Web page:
What is the Construction Industry Scheme (CIS)?

If you’re new to working within the construction industry, or you’ve been in the building trade for a while and want to move from Pay As You Earn (PAYE) to the Construction Industry Scheme (CIS), the scheme can be difficult to get your head around. That’s why we’ve created our short, no-nonsense guide to the CIS.

What is the CIS?

The Construction Industry Scheme, also known as the CIS, is an initiative enforced by HMRC in 1971 to protect construction workers from false employment and minimise tax evasion in the construction industry.

Under the scheme, contractors deduct money from their subcontractors pay to cover their tax and National Insurance Contributions. Both contractors and subcontractors must be registered for the scheme before any construction work starts. The scheme does not apply to employees.

Some organisations and businesses that are not construction-based may also need to be CIS registered if they annually spend more than £1 million per year on construction work over a three-year period, for example, property developers or housing associations.

Read our guide to your responsibilities as a CIS contractor to find out more.

How much is the CIS tax deduction?

The CIS tax deduction depends on if you are registered for the scheme or not.

If you’re registered for the scheme, you will have a 20% tax deducted from your salary. These deductions count as payments towards your tax and National Insurance bill.

If you’re not registered, the deduction is 30%, so it definitely pays to be CIS registered.

Do I qualify for CIS?

You must register with the CIS as a contractor if:

  • You pay subcontractors to do construction work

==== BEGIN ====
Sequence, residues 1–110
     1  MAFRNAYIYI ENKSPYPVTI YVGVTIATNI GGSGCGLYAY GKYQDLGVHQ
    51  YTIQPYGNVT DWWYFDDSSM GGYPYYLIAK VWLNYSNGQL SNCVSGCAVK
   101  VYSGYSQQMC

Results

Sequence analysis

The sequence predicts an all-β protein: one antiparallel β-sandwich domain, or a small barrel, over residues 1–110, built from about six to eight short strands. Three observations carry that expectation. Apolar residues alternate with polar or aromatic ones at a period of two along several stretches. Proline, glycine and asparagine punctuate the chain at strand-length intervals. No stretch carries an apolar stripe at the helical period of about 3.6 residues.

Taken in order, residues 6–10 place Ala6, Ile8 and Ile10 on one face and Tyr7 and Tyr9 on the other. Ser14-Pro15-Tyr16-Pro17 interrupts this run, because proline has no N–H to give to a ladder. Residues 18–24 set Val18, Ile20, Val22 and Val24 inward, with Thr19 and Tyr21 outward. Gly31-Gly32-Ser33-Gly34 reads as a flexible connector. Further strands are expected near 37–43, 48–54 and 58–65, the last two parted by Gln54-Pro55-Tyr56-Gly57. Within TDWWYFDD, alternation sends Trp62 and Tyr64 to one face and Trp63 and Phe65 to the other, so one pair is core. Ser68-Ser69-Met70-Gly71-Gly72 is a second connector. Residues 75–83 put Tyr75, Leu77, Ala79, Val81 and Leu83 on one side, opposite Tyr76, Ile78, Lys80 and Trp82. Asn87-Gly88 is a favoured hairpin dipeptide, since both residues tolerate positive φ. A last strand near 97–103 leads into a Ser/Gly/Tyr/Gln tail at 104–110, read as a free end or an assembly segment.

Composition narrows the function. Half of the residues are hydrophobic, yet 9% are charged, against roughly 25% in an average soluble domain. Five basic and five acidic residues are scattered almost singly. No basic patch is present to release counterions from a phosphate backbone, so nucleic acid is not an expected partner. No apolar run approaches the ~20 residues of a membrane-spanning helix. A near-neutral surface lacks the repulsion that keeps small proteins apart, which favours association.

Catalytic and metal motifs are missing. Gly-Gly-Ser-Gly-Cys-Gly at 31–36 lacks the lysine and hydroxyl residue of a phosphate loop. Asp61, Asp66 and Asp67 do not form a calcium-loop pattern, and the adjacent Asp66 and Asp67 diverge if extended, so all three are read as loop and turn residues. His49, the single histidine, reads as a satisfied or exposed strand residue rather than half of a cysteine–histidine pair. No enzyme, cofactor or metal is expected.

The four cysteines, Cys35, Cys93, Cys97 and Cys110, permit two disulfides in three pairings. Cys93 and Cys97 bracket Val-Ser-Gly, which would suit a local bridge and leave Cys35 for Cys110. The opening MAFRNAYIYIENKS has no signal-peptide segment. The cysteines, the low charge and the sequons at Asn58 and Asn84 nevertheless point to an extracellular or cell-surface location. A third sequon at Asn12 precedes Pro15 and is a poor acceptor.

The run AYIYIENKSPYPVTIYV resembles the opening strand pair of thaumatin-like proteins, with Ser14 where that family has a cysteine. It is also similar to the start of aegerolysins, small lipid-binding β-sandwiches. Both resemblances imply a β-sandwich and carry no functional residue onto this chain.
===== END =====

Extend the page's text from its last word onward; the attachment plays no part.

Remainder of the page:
• Your business doesn’t do construction work, but you usually spend more than £1 million a year on construction

Do I need to be CIS registered?

If you’re a subcontractor, meaning you do construction work for a contractor, then as mentioned above, you should be CIS registered to avoid an extra 10% tax deduction.

There is, however, an alternative to the CIS; if you’re a subcontractor who turns over at least £30,000 and has a good tax compliance record, you can apply for gross payment. Gross payment means you’ll be paid in full by your contractor, but you’ll need to sort your tax bill at the end of the year.

How to register for the Construction Industry Scheme

Working within CIS as a contractor means sweating the details, but it has a lot of advantages. Here’s how to get going:

  • Register: if you want to register for CIS as a contractor, you need to do it upfront before taking anyone on. Leave at least two weeks before expecting your subcontractors to start work
  • Verify your subcontractors: check they’re on the scheme with HMRC
  • Once work starts, deduct 20% from everyone on the scheme (30% for anyone who isn’t)
  • Check and double-check: it all needs to be accurate, which means not including anything like VAT or materials in your calculations
  • Make your CIS payment to HMRC: you should be set up for payment following registration
  • File a monthly CIS return: again, you can do this online, but check your calculations carefully. The scheme was created to help prevent fraud, which is why fines for giving the wrong employment status for any of your subcontractors can be up to £3000

Help from Brian Alfred

As a member of the CIS, you will likely have overpaid in tax over the course of the year. At Brian Alfred, we’re experts in tax rebates for CIS workers, so we work hard to maximise your rebate. Download our tax pack today or contact one of our experts to see how we can help.